Crime & Justice

Interpol’s 90th general assembly kicks off in India

New Delhi, Oct 18 (EFE).- The Interpol on Tuesday kicked off its 90th general assembly in New Delhi, with high-ranking police officers from 195 member countries set to attend an event that will decide the future of law enforcement, according to the agency’s president Ahmed Naser Al-Raisi.

This year’s assembly is set to mainly focus on cryptocurrency, cybercrime and terrorism in its agenda.

“Cyberthreats, cross-border conflicts, global warming, imagine a world without Interpol. It would be impossible for countries to keep up with these challenges on their own,” said Al-Raisi, an Emirati general who himself faces terror charges in several European countries and Turkey.

“As the world’s largest police organization it’s the job of Interpol to make sure that all countries are supported,” he added during the inaugural session of the general assembly, set to last until Friday.

Indian Prime Minister Narendra Modi delivered a speech highlighting growing global threats such as “terrorism, corruption, drug trafficking, poaching and organized crime.”

Modi put special emphasis on terrorism and its expansion through “online radicalization and cyber threats.”

“At the click of a button, an attack can be executed or systems can be brought to their knees,” he said.

The general assembly is set to discuss different vigilance systems, with special focus on financial crime, corruption, cyber crime and crimes against minors.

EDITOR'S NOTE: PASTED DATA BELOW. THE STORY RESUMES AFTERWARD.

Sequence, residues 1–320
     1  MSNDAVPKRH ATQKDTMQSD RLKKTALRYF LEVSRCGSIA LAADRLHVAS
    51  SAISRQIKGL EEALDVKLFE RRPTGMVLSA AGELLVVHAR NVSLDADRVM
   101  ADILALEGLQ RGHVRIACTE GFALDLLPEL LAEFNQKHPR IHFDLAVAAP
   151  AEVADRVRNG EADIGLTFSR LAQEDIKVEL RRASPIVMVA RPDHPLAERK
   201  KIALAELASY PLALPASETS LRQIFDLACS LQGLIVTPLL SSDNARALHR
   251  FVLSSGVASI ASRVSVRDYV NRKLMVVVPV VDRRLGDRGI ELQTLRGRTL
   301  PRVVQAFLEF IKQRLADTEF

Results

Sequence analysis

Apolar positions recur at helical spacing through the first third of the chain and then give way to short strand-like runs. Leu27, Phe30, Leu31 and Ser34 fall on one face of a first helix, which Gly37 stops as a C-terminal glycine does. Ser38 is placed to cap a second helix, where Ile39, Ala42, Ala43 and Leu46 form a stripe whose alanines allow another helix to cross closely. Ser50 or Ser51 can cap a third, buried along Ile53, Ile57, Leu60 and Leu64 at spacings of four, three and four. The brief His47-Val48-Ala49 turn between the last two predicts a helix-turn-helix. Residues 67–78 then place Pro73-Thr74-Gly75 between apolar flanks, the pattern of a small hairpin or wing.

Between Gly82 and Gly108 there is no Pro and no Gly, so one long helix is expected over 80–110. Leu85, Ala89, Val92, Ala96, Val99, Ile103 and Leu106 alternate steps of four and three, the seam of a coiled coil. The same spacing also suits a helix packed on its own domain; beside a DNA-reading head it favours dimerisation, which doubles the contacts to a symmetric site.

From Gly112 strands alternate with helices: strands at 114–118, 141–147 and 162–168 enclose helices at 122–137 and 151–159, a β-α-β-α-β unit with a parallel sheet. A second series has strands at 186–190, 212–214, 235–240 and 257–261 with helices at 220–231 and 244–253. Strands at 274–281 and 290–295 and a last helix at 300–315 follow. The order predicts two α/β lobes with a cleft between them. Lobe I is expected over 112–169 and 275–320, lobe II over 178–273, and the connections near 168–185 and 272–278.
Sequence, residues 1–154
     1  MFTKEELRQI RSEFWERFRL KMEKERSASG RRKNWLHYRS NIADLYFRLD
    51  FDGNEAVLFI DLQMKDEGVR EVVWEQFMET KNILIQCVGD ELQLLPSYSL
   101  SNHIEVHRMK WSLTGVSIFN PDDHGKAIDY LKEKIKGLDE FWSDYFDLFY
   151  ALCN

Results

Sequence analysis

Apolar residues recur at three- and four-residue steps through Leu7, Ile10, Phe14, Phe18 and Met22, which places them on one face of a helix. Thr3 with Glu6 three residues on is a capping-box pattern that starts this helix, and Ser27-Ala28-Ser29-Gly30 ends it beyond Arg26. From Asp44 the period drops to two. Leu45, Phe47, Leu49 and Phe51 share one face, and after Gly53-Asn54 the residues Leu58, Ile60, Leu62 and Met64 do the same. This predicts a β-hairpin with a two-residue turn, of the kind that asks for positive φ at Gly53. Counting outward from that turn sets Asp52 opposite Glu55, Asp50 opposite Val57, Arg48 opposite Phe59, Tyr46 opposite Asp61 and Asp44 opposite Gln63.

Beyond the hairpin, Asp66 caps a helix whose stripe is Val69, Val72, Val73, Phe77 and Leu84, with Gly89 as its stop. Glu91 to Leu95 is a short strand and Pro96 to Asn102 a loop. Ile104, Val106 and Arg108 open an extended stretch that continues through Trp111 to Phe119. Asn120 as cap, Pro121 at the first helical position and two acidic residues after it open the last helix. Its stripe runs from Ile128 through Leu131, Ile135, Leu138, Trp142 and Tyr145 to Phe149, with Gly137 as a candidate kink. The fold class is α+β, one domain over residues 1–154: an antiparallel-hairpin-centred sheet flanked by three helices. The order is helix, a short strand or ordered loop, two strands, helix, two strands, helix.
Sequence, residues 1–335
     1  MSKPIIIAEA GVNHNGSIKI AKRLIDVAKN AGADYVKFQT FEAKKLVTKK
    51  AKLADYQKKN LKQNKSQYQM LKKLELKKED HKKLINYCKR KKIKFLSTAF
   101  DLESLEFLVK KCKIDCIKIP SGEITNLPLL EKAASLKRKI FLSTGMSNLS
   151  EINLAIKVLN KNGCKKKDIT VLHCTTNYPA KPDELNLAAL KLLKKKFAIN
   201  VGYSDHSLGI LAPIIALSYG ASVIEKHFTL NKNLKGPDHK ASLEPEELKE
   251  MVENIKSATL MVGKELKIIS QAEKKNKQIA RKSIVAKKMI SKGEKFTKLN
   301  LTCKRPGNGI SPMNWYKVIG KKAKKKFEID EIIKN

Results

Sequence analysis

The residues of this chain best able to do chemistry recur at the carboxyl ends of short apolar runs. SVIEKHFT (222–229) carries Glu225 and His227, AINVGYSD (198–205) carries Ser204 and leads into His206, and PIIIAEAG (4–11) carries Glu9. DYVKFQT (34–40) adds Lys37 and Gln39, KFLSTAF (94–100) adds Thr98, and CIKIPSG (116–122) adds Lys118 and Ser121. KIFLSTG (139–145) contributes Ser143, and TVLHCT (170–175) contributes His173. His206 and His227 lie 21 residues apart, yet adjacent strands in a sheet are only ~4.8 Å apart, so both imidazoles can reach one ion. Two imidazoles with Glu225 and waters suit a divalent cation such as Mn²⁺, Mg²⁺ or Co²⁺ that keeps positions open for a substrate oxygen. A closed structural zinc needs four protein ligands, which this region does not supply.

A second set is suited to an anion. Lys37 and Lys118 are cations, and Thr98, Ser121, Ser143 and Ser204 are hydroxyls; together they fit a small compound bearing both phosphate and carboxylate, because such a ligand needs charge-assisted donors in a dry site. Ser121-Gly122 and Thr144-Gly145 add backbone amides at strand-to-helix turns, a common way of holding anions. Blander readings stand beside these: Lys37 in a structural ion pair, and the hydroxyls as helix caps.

The week-long program includes workshops centered on technology, innovation and global financial crimes, aiming to boost cooperation and security among police forces.

Moreover, the body will also release its Interpol Global Crime Trends Report, which offers a general view of the main criminal threats in the world.

The global police force will also appoint its vice-president for Europe and the delegate for Africa.

The conference comes amid a controversy in India over Interpol refusing to issue a red-corner notice – equivalent to an international arrest warrant – against the founder of the group Sikhs for Justice, which has been listed as a separatist and terrorist organization by New Delhi.

Interpol secretary-general Jurgan Stock in a presser on Monday acknowledged that refusal to issue a notice may not be well received by a country, but stressed that the power to issue such notices stemmed from the members’ trust that Interpol would apply the same rules for each request by any country. EFE

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